If you are in one of those categories, you will greatly enjoy Duff McDonald's "no-agenda" relaying of the history of McKinsey and consulting.
First, the short-falls: General Motors in the 90's; AT&T wireless and Enron were all multi-million dollar clients; and McKinsey totally missed the internet and tech revolution. Too often, to keep a client -- McKinsey "plays the role the (client) company has scripted" -- and this stands in the way of it's ability to eventually deliver quality in many engagements. Maintaining the multiple millions of dollars GM spent in the 1990's on its way to bankruptcy, for example, can blind McKinsey to seeing what the "numbers" are really suggesting.
However, in a world full of talkers and blowhards, McKinsey is supremely capable of bringing the focus back to the data and research, and usually to efficient effect. Modeling this rigor is a great gift to leaders - no matter what sector they find themselves in.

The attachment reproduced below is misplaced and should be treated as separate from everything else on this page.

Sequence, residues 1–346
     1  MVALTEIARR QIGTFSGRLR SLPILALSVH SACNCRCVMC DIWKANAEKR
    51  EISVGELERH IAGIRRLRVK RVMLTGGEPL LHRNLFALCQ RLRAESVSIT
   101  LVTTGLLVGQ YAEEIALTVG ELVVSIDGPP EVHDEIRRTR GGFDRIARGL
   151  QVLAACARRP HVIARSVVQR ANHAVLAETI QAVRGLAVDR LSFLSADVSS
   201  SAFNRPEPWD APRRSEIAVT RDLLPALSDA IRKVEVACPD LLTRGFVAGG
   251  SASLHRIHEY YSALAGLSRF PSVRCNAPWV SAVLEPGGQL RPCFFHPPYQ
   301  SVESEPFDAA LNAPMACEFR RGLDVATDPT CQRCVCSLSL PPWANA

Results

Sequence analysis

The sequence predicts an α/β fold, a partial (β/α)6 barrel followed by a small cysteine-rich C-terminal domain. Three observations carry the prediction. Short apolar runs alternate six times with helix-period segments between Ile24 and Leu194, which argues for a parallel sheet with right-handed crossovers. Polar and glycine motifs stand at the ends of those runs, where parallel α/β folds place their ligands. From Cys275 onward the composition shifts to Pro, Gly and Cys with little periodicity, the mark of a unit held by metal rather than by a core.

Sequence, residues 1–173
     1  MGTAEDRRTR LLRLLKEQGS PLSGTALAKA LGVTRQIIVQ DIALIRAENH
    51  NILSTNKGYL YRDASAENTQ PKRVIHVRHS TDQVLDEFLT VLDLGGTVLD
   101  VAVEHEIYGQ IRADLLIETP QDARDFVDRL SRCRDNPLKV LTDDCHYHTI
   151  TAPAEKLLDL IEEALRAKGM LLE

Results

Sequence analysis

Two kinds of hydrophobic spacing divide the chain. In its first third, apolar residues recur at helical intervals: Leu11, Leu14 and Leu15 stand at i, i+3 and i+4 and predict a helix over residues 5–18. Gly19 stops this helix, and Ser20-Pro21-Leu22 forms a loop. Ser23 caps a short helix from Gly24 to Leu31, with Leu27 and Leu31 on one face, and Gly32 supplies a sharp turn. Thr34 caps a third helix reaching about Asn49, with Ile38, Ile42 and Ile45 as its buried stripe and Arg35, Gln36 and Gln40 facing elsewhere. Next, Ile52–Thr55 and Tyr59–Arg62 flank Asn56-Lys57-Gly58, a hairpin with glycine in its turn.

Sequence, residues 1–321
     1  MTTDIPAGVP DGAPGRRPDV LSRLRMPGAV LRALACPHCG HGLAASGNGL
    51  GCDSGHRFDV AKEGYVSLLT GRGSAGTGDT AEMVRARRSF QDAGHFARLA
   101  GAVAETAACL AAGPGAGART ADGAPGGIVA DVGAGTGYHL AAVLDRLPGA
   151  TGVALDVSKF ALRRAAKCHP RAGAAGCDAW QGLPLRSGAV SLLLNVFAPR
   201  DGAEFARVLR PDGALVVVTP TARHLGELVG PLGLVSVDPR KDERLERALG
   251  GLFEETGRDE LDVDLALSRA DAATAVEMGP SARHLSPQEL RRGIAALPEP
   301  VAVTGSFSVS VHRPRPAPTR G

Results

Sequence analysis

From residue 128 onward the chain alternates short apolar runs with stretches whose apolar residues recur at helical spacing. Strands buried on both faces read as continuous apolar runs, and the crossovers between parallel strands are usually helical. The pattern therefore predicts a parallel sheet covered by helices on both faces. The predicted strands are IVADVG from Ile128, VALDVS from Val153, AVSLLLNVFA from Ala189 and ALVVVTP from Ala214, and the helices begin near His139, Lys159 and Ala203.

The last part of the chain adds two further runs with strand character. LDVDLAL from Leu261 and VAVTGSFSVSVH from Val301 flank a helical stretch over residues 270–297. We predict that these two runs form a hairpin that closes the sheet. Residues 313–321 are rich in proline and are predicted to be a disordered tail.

Management guru, Gary Hamel referred to the machinery of management as one of humanity's greatest inventions in his 2007 book, "The Future of Management." If McKinsey hasn't in fact invented many of the bold ideas of management, since it's founding in the 1920's by James O. McKinsey, it has certainly helped clients understand them and carry them out. And for that, alone, they have made a mighty contribution.
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